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About Morning Oregonian. (Portland, Or.) 1861-1937 | View This Issue
THE 3IORMXG OBEGONIAX, WEDNESDAY. SEPTEMBER 25, 1912.
iiiiHiMil"''''''"''111'""' '"L""inmtri'"'tttihH'iitu"""',u"t" t:'l"i""'li'ii"''lliii'Uit"-'ill-ul"i",:t"t't''1't'ltii
Best Products of Old Yamhill
Are on Display.
HORSE PARADE ATTRACTS
Brass Bands From McMlnnville and
Grand Konde Indian Reservation
Supply Music for Parade of
M'MINNVILI-E, Or., Sept. 24. (Spe
cial.) The first day of the Yamhill
County School Fair and Stock Show
opened here today with the largest at
tendance lor the opening day ever had
and the exhibits on display at the
pavilion exceed all others heretofore.
yesterday garden products, stock,
colts, horses of every description, cat
tle and everything that farmers pro
duce came pouring in until late and
this morning early exhibits were still
arriving. Some farmers utilized their
automobiles to bring in poultry, large
baskets of plants, fruits and every
variety of the vegetable kind. And
every road leading into McMlnnville
was crowded with wagons loaded to
capacity with- the farmers' "best." If
anyone doubts the statement that Yam
hill County Is a garden spot he should
enter the pavilion for a quarter of a
day now while everything is to the
Part of today's programme included
a parade of horses in the forenoon,
which will be enlarged on tomorrow.
as more stock is coming. The main
feature of today's programme waa the
school children's automobile parade,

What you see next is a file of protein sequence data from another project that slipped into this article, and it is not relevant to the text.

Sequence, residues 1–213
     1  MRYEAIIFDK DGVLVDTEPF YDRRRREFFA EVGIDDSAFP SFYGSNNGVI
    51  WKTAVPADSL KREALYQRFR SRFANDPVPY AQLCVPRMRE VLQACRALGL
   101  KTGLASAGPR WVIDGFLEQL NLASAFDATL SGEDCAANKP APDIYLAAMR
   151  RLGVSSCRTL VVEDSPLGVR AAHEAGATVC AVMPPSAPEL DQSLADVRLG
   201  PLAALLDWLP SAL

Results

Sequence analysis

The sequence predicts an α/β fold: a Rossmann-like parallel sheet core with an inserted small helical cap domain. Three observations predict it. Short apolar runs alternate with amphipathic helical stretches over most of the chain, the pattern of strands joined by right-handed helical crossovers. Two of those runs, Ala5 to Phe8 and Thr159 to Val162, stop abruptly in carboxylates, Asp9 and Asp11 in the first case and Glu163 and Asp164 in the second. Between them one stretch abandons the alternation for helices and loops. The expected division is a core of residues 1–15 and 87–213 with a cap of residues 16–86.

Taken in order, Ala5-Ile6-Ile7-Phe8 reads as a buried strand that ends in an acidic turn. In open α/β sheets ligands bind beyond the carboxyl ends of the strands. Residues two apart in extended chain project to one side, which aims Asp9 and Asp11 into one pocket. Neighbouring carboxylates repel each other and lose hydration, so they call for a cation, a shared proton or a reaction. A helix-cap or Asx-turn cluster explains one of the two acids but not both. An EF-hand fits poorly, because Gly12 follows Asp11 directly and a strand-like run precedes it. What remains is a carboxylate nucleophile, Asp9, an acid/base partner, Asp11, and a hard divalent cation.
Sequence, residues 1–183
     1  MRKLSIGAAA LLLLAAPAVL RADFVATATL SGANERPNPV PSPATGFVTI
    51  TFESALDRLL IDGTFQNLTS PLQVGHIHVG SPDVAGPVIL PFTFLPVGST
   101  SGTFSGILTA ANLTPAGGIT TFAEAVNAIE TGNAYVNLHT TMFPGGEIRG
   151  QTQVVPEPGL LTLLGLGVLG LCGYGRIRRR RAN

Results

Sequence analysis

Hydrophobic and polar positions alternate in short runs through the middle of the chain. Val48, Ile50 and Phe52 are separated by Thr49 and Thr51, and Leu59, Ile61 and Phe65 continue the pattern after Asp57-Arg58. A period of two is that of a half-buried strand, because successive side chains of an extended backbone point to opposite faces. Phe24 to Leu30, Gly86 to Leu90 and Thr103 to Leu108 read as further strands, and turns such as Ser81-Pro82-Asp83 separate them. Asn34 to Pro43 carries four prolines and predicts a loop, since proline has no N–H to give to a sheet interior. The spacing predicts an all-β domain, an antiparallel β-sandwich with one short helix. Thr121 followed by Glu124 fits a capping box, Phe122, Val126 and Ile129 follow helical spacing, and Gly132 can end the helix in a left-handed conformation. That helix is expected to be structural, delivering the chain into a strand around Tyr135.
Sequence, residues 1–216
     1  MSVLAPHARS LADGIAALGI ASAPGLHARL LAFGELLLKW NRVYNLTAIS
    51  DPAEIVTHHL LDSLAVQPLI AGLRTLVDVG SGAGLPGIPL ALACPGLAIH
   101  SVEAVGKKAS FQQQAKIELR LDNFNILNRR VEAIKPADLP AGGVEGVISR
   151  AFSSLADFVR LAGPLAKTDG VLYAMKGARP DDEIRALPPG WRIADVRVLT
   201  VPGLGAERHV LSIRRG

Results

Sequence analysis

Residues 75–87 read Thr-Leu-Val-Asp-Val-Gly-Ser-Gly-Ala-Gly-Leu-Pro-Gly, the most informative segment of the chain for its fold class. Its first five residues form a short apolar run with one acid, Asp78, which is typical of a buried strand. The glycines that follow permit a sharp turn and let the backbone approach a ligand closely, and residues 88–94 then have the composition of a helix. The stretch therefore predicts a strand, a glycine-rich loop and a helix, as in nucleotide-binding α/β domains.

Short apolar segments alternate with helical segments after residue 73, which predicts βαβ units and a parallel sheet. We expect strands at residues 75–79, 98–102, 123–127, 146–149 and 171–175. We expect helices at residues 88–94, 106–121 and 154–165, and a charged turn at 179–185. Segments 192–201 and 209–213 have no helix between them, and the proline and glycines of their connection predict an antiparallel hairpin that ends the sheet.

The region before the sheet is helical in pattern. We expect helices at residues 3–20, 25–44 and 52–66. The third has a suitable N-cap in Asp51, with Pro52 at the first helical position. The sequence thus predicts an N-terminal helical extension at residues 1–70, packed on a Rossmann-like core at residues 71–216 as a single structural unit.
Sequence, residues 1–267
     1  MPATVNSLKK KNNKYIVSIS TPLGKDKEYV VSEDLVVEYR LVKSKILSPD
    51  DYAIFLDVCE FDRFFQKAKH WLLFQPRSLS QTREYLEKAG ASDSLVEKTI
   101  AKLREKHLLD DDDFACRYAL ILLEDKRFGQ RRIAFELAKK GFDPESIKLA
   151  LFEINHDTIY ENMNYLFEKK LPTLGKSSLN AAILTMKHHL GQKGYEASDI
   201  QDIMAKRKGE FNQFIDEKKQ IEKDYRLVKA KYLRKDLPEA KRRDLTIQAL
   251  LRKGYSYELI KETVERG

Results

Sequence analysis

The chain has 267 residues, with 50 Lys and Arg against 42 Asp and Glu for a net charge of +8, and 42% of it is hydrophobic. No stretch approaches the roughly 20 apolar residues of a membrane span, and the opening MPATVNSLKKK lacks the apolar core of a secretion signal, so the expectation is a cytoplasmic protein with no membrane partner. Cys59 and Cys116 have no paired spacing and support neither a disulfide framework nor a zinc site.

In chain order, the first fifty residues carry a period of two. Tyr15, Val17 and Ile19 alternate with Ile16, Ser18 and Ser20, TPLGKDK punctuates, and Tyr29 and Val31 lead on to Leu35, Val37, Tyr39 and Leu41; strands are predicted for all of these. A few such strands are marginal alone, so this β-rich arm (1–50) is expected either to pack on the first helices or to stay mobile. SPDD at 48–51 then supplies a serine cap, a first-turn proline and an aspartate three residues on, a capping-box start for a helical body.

which took place at 1:30. Forty auto
mobiles crowded with happy young
sters and the McMlnnville band ot SO
pieces leading, the Grand Ronde In
dian band of 25 pieces bringing up the
rear, passed west on Main street to the
Another interesting event was the
boys' dressing contest, whlph took
place immediately after the parade.
Tomorrow's programme Includes an
address by Thomas H. Gentle, prin
cipal of the training department of
the Monmouth Normal School, who will
"TnriiiBtrtal Education." Thurs
day, Peter H. D'Arcy, of Salem, will
make an address at 11:30. f
Wednesday at 8 P. M. S. S. Duncan,
School Superintendent, will entertain
with an Illustrated lecture with views
of schoolhouses and grounds or me su
schools in Yamhill County. This will
also be at the pavilion.
EUGENE PROTEST FAILS
ntv Tts Pavlnc Contract and Local
Concern Kalses Row.
EUGENE, Or., Sept 24. (Special.)
Acting under a ruling of the City At
torney that contracts do .not nave 10 ne
let to the lowest bidder, and Consider
ing that the heavier pavement con
templated gave the taxpayers better
value, the City Council nas awaroea
to the Clark tt Henery Construction
Company the paving of West Eleventh